by Anita Cannon
In November of 2009, my son asked me to walk with him to his car. He was two steps ahead of me the entire time; I couldn’t catch up. I wondered what was so urgent, that couldn’t wait until the end of his son’s soccer game. Once we were seated in the car, he turned to look at me as I heard his wife slip into the backseat. He told me that my brother Jack had called him. Jack was looking for me. Our sister Bonnie had died that morning. All I could do was cry, wishing my son could take back these life-changing words.
A few months after my sister’s death, I walked to the kitchen. It was about 10:00 at night. I took a paper and pencil and started writing. Two hours later, I had what has become a children’s book of love and loss. I have wanted to write books for children since I was in high school. I never dreamed my first book would come after being a registered nurse for 40 years. The book was written from my oldest grandson’s point of view, about loving and losing his great aunt. How did he handle this grief? How did all of the children experience and manage the loss?
First, we talked about Bonnie. We reminisced about our times together and how much we enjoyed being with her. My grandson would share his feelings with me. He had not expected to see Bonnie’s girls cry so hard at the funeral. Perhaps watching them cry when he was quiet and somber was like looking in a mirror. Their crying was reflected in the tears he shed inside. We continue to talk about Bonnie and how special she made each of us feel. I often wonder if she knew her life would be short. I will ask her one day, when I see her again.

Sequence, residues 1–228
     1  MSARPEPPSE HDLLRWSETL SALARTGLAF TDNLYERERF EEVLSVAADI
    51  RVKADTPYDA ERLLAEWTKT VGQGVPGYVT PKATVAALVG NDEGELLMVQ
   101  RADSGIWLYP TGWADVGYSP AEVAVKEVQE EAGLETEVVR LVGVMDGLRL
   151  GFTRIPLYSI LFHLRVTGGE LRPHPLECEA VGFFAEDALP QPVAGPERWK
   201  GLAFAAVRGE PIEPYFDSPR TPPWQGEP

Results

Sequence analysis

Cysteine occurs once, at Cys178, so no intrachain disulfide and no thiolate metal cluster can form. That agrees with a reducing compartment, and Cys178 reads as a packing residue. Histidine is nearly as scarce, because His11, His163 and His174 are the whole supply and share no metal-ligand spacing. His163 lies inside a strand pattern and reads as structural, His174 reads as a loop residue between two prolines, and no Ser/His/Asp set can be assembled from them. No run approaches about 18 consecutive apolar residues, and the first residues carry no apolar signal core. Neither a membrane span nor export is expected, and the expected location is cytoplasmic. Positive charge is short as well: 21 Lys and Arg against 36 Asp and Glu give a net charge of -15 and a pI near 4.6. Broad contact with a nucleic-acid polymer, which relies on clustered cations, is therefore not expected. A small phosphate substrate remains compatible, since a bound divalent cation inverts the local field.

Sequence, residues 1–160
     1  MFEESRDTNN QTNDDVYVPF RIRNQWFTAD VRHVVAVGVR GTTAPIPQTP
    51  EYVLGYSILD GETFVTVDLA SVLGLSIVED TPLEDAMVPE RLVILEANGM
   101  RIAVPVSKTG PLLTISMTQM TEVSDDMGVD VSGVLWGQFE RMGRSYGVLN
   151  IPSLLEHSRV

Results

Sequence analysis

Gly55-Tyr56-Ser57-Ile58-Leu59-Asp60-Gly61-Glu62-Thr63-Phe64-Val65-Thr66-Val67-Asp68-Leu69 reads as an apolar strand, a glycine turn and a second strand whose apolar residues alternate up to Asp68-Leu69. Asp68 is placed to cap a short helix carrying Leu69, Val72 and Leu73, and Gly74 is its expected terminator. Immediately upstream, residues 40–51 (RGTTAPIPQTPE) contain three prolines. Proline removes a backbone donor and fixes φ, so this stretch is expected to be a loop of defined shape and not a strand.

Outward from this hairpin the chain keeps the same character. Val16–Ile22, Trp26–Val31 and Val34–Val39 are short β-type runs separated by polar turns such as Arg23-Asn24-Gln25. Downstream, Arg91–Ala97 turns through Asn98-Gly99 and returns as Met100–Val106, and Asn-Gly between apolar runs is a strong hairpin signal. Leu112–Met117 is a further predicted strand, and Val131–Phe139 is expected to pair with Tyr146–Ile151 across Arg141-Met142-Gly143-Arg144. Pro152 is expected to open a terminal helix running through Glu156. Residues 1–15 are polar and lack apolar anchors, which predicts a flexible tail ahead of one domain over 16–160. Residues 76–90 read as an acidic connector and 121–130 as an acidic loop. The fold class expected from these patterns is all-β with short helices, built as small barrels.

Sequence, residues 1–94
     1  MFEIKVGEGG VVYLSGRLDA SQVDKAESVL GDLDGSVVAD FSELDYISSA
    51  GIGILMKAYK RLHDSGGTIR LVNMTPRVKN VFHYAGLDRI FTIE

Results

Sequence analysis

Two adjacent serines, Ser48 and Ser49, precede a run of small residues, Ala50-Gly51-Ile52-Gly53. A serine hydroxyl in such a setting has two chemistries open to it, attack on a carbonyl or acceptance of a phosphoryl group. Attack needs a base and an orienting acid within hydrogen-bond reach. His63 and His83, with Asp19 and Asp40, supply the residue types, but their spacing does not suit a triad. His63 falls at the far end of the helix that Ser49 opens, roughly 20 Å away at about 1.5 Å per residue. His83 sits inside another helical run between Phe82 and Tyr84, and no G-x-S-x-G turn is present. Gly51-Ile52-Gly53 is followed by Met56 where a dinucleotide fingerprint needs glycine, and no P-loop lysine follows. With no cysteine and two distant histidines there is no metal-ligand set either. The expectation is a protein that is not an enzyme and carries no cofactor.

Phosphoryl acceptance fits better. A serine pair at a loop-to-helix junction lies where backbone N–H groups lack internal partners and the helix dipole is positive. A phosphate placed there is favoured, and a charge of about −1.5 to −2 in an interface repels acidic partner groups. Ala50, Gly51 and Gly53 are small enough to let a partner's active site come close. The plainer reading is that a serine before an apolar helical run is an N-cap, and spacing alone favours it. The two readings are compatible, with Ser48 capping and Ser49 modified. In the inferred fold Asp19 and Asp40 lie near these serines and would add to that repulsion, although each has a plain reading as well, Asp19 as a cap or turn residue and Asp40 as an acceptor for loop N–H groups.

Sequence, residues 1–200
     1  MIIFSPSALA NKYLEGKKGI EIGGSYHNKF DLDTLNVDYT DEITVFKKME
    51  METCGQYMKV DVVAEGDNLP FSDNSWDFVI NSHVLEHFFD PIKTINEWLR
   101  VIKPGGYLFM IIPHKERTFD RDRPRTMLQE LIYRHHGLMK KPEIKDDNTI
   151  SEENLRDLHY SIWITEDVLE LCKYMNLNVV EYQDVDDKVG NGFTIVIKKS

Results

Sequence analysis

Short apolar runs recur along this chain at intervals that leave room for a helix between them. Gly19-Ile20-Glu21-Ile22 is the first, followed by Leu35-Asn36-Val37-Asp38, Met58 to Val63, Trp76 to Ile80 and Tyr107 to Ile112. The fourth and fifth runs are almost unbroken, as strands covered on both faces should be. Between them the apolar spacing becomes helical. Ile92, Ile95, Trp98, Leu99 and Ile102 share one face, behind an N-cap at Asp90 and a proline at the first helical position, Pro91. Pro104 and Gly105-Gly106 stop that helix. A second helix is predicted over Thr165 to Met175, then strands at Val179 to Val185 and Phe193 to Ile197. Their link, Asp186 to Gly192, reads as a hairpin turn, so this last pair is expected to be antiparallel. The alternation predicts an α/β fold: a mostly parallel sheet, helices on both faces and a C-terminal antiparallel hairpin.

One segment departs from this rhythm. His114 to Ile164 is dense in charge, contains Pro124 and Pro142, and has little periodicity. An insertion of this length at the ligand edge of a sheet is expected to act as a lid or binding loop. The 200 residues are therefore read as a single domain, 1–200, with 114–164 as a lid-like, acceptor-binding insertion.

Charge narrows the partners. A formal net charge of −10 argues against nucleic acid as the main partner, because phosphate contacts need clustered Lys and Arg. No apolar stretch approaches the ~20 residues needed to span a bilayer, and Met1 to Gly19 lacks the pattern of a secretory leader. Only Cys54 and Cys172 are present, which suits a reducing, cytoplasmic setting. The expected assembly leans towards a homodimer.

Second, family time is very important to us. We all grieve differently, but we accept each other’s grief process and love each other through it. I am the oldest of four and am fortunate to live in the same city as my two children and five grandchildren. My brother and sisters have not always lived in the same city, but have made it a priority to visit. For as long as I can remember, my siblings and their families have come home for Christmas and other special events.
Third, we work to keep the memories alive. One way has been through pictures. Pictures of trips, birthday celebrations, graduations, dance recitals and ball games.
A deep faith is another blessing that has helped us manage grief. The children in our family are taught from a young age to pray and to believe. They go to faith-based schools and attend church with their families. Our faith and belief in a life after death has given all of us—the children and adults—the greatest comfort of all.
I dreamed one night about seeing Bonnie. We were divided by a clothes line. I knew somehow that I couldn’t touch her or reach out to her but I could talk to her. I asked her how she was doing. She answered that she was fine but very busy and she pointed to the projects stacked up beside her. She was hanging up newly-crafted items on the line to dry. She was, as always, making memories and working to make others feel special.
Grief is deep and painful for children and adults. It comes and goes. Just as we think we are dealing with the loss of a loved one, the pain comes back, worse than ever. Loving each other, being together, sharing memories and growing in our faith helps us make it to the other side, a side of peace and acceptance.
About the author:
Anita Cannon is the author of My Aunt Bonnie, a children’s book dedicated to helping parents and youth cope with grief and the loss of a loved one. The book was inspired by the unexpected death of Cannon’s sister, Bonnie. Part of the proceeds from the sale of My Aunt Bonnie will go toward research efforts at the SADS Foundation, a non-profit group dedicated to research and informing the public about the disease.
by Anita Cannon